Sharing Space is Difficult For Everyone
Roommates Can Have Serious Differences

Photo Courtesy / Wikimedia Commons Having to live with strangers can be a difficult transition. Photo Courtesy / Wikimedia Commons
Having to live with strangers can be a difficult transition.

By Edita Bardhi
Opinion Editor

For most college students, living on campus is convenient, character-building and a socializing method to earning their degree.

As students choose to take this route, they undergo the same routine each school year.

They are expected to fully introduce themselves to new people.

In all of this, what is the most easy-going activity?

If residents were to answer this question, their roommate would probably not come to mind. And why is that?

Our roommates are strangers to us. We don’t know anything about them. This can be frightening.

Roommates should take the time to exchange contact information, school and work schedules. Additionally, open discussions should be made about personal preferences, pet peeves and guests.

Two of the most important subject matters to discuss are responsibilities and boundaries.

The simplest things such as loud volume, cleaning up and purchases are important to acknowledge.

Moreover, that same fear can transition into stress if we do not take proper action.

Most times, roommates begin to yell at each other, ignore each other, plot revenge and more.

There have even been times where these issues led residents to staying at their friend’s dorm room.

How would you feel if you were getting yelled at for being an average college student? For being treated like you did not matter, let alone exist?

We are all human beings, and we all matter just as much as the next person.

It is wrong when roommates believe they have the privilege to slam the door, complain about things, give commands, give remarks, leave a mess and so forth.

Residents should never feel controlled by their roommates, nor insecure because of them.

If we are lucky enough, our roommates can be considerate toward the anger and stress we observe from these situations.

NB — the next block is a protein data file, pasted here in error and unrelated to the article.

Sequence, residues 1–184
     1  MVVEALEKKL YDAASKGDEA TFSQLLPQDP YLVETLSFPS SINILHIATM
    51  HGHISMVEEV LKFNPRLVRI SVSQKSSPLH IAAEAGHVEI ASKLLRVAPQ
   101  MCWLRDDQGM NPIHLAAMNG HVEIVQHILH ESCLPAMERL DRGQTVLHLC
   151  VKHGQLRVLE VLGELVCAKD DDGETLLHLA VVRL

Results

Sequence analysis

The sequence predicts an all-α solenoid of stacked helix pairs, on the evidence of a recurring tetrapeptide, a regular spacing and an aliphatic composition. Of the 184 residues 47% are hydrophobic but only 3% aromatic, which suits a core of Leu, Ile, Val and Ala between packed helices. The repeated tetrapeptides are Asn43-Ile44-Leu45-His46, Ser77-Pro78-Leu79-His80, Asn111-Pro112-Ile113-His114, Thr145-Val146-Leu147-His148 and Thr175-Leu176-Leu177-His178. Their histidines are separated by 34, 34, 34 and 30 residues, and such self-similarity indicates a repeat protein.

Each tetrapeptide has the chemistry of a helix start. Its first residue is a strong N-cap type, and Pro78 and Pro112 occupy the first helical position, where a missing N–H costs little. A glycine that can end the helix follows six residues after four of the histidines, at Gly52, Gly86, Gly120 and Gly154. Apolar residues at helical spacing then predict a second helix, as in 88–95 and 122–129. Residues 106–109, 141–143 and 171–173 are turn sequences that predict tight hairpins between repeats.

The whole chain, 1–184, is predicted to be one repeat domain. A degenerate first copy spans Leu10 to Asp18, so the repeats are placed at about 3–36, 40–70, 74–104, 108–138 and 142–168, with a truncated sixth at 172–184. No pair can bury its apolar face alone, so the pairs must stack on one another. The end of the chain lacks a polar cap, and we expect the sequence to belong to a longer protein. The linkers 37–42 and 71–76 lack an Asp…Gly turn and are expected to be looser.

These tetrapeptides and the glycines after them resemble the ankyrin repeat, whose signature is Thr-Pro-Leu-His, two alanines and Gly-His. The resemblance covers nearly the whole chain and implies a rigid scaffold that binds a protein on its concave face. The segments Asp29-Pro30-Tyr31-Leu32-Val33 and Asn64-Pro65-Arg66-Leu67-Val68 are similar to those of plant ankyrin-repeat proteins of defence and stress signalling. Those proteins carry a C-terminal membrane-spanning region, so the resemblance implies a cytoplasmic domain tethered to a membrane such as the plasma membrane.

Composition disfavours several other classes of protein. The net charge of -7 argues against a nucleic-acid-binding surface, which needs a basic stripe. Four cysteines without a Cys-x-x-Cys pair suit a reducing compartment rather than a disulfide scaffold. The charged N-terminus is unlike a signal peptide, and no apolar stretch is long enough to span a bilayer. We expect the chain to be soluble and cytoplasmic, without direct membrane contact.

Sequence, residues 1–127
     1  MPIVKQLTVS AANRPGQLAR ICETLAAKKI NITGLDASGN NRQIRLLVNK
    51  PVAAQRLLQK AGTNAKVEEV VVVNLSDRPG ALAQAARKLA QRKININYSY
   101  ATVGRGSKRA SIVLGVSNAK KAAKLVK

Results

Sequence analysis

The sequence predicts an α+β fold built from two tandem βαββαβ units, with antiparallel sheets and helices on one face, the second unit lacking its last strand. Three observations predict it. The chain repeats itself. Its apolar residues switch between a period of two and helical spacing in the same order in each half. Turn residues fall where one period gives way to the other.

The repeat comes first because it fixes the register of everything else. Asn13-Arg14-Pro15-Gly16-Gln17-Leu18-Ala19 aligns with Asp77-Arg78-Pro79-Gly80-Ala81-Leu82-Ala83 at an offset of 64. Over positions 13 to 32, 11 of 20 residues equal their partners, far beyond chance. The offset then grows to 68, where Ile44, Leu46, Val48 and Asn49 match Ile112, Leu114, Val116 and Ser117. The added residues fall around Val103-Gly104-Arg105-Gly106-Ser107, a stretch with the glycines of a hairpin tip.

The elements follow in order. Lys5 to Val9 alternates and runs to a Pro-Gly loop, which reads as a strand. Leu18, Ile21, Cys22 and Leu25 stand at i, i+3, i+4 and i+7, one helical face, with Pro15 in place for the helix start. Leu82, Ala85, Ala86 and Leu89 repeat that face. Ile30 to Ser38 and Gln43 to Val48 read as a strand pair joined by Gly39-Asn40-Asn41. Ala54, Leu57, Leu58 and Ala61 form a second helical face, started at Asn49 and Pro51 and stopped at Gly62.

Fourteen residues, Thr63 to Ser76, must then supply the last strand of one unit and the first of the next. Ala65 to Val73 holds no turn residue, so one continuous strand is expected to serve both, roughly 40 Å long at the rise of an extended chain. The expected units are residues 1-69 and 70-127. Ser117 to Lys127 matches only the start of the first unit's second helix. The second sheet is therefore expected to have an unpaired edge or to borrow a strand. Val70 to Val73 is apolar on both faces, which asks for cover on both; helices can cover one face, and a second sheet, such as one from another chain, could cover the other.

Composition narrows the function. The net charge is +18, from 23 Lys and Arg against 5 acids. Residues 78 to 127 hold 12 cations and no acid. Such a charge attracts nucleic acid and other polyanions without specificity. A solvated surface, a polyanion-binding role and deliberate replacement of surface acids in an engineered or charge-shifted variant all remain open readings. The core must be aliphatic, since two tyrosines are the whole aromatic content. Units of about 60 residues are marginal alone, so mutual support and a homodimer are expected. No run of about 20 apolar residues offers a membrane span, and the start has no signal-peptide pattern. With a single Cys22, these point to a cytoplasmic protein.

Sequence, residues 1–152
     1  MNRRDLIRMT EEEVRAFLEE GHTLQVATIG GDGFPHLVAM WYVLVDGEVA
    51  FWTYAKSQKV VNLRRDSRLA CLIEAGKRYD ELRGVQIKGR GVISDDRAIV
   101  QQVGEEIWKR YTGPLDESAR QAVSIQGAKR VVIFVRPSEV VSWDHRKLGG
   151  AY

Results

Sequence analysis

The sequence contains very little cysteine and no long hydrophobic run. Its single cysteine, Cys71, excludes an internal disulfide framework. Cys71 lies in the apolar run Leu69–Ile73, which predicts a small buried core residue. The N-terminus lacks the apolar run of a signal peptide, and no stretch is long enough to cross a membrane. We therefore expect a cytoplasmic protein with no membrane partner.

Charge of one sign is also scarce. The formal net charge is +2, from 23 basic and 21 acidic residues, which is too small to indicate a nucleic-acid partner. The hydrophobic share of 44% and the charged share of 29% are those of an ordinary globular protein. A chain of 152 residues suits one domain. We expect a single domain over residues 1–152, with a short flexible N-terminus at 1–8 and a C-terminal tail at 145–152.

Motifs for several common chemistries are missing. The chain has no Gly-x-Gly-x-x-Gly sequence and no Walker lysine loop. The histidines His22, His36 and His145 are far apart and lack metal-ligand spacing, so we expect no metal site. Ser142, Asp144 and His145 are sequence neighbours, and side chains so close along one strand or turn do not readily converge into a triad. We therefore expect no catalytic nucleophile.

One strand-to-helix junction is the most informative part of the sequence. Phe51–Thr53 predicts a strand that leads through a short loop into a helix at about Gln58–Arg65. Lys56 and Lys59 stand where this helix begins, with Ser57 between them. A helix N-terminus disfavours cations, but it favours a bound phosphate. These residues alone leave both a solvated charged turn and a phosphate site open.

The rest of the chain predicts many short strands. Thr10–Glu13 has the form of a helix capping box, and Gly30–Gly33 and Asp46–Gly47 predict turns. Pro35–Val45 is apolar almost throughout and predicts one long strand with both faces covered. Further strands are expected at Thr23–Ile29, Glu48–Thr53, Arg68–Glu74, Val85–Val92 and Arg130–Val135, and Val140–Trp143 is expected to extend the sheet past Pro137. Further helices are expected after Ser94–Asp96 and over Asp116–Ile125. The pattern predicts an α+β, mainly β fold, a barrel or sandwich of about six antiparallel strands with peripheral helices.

Other times, roommates do not want to admit they are at fault.

As an ongoing resident, I have been assigned to various roommates, and I cannot say I liked them all. Amongst all my roommates, two happened to give me the most hassle.

The first roommate was selfish.

Initially, she tried to convince me to move out.

It was just the two of us, however, our dorm room was a three-person.

She wanted both her friends as roommates.

She was so determined that the stress she placed on me led to six seizures.

After the sixth one, I reported the situation to the housing and residential director.

At the end of the semester, she got her wish, I moved out, but because of health reasons.

My other roommate was lazy. One day, she was too lazy to walk to late night, and took advantage of me already going.

Unfortunately for her, I had trouble remembering her order.

I stuttered, and eventually I told the cashier, “Put whatever you want on it. I don’t care. If she really wants it, she should do it herself.”

Individually, I am a person who enjoys meeting new people, sharing interests, helping people and more.

As college students and as roommates, we should not allow it to become toxic, but clean.

Email Edita at:
ebardhi@live.esu.edu

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